U.S. Secretary of the Interior Sally Jewell yesterday joined Under Secretary of Agriculture Robert Bonnie, U.S. Senator Jon Tester and Montana Governor Steve Bullock to announce actions to protect important land near Yellowstone National Park from the threat of mining.
New mining claims will now be prohibited on approximately 30,000 acres of U.S. Forest Service land near the park’s northern entrance. The segregation will be in effect for two years while the Departments of Interior and Agriculture evaluate whether to withdraw this land from new mining claims for an additional 20 years, consistent with the Secretary’s authority.
“There are good places to mine for gold, but the doorstep of Yellowstone National Park is not one of them,” said Secretary Jewell. “As we celebrate 100 years of the National Park Service, today’s action helps ensure that Yellowstone’s watershed, wildlife and the tourism-based economy of local communities will not be threatened by the impacts of mineral development.”
“As trustees of our national parks and forests, taking a time-out to balance the benefits of our natural resources and recreation-based local economies against mineral extraction is a commitment we owe the American taxpayer,” said U.S. Secretary of Agriculture Tom Vilsack. “This need is much more pressing where the potential risks to our extraordinary natural resources and the health of our rural towns are significant.”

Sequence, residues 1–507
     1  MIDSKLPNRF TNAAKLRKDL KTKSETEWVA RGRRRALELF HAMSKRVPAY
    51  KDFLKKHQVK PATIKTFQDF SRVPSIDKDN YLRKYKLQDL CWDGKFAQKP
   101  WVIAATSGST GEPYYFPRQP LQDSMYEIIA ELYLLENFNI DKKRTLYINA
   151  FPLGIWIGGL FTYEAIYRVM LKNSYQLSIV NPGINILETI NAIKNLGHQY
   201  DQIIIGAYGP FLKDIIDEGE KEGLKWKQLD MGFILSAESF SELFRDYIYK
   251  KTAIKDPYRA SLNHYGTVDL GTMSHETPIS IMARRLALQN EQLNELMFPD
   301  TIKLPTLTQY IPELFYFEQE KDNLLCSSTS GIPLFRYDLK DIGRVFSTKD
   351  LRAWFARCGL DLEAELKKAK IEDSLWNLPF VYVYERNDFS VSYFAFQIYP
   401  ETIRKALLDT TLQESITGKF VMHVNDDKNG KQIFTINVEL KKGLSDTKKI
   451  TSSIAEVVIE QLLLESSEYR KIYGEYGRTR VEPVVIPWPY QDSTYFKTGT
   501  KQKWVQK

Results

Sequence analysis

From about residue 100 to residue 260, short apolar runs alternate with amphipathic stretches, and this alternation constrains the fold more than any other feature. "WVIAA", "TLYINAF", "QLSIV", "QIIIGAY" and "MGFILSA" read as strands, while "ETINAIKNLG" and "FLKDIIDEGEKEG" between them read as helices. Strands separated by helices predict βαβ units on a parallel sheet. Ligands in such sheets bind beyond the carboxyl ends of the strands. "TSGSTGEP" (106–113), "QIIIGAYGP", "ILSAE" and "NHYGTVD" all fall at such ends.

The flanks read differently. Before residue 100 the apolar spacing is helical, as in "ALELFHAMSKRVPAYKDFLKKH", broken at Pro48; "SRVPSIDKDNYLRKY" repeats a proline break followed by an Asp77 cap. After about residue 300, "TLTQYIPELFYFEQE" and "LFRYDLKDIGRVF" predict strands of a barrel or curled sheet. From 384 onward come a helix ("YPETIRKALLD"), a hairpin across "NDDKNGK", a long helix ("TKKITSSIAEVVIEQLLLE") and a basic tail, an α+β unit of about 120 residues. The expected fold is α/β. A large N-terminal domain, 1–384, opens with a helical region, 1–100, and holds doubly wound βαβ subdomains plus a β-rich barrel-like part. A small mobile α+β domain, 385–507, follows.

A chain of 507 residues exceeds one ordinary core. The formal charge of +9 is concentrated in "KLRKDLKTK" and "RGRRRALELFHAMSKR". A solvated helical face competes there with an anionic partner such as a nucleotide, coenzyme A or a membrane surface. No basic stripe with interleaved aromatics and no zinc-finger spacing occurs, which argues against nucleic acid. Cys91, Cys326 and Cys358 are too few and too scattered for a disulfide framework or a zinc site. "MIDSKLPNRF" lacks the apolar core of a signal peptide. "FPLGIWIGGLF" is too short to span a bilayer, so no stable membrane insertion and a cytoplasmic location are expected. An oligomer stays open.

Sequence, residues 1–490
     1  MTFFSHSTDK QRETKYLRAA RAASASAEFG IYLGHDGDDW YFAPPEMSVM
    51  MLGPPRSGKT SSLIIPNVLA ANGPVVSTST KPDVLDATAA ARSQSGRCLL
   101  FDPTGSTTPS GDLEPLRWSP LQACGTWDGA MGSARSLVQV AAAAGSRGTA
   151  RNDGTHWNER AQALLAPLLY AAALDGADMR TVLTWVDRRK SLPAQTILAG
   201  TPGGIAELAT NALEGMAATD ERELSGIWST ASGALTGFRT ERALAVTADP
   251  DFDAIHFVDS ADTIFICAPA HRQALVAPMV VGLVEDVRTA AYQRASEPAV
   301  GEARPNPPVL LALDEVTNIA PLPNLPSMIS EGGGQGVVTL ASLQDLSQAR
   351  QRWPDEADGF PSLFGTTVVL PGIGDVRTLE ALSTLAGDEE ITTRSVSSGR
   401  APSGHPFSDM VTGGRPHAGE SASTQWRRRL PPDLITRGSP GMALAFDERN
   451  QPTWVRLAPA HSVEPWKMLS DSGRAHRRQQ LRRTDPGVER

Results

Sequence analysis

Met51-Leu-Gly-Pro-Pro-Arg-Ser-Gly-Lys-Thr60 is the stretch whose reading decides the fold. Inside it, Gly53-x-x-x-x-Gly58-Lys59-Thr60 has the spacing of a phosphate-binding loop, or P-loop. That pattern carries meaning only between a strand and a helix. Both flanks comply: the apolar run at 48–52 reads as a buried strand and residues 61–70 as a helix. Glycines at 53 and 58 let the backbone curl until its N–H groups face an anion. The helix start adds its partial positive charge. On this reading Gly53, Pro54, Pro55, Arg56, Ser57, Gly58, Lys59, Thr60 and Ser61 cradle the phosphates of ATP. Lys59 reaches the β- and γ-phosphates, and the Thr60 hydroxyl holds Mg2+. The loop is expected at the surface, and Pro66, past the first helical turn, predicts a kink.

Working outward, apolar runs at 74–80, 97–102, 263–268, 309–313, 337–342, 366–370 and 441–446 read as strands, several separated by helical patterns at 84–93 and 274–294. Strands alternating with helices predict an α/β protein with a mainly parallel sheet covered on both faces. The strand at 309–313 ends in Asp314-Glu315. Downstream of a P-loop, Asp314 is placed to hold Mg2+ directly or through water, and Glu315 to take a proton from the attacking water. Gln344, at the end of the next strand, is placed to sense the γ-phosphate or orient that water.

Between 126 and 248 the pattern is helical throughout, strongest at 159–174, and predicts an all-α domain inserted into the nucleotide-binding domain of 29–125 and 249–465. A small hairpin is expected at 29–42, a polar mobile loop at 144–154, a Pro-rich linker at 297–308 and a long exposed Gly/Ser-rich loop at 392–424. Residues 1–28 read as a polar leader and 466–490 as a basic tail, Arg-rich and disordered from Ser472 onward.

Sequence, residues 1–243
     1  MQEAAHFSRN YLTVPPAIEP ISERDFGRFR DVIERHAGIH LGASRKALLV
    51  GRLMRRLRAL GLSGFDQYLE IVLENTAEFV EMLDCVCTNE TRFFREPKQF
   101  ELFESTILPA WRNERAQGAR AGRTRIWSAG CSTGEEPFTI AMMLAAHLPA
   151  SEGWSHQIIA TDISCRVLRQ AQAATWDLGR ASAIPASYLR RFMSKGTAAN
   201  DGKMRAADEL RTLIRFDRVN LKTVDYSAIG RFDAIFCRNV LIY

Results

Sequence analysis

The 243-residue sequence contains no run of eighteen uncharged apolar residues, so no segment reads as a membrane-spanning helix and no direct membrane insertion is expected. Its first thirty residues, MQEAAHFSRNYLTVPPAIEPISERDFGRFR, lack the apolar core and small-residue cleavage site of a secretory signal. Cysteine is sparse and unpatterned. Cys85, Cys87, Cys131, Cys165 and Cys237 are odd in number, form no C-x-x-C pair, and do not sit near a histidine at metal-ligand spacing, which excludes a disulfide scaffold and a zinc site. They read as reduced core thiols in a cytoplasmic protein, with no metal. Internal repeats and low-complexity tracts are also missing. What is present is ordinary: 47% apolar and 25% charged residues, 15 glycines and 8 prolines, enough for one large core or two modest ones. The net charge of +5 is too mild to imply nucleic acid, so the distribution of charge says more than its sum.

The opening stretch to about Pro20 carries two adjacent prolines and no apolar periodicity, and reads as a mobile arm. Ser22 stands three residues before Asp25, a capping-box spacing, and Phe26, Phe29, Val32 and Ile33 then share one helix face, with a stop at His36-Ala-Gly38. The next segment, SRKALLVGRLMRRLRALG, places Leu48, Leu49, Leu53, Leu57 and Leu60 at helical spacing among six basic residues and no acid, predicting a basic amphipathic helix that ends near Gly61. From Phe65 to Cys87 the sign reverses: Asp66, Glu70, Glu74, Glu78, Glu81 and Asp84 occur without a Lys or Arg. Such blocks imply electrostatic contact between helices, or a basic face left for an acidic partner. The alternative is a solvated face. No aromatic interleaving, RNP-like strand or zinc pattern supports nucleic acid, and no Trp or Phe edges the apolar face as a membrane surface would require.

Yellowstone National Park saw record breaking visitation in 2015 — 4.1 million visitors — many of whom came to experience the spectacular scenery, abundance of wildlife and relatively undisturbed natural conditions of this remarkable ecosystem. Maintaining high water quality and high-value fisheries are critical to local fisherman and outfitting and guiding businesses. A particular draw for visitors to the Park and the surrounding National Forest lands are the thousands of elk, mule deer, moose, bighorn sheep, pronghorn and bison that migrate from winter ranges in Wyoming, Montana and Idaho to high-elevation summer ranges near the core of Yellowstone National Park. The proposed mineral withdrawal provides critical linkages to major corridors for wildlife migrating to and from Yellowstone.
Neither the Yellowstone segregation nor any withdrawal would prohibit ongoing or future mining exploration or extraction operations on valid pre-existing claims. An exploration permit for the Emigrant tract is currently pending with the Montana Department of Environmentally Quality. Neither the segregation nor the proposed withdrawal would prohibit any other authorized uses on these lands.
During the segregation period, the agencies will conduct an environmental analysis to determine if the lands should be withdrawn for a period of 20 years. This process will invite participation by the public, tribes, environmental groups, industry, state and local government, as well as other stakeholders. Only Congress can legislate a permanent withdrawal.
A 90-day public comment period on the proposed withdrawal will end February 20, 2017. The Custer-Gallatin National Forest will conduct a public meeting for the proposal on January 18, 2017 from 4-7 p.m. at the Shane Center in Livingston, Montana. During the public comment period, written comments about the proposed mineral withdrawal may be submitted to: Supervisor’s Office of the Custer-Gallatin National Forest, 10 East Babcock Ave., Bozeman, Montana.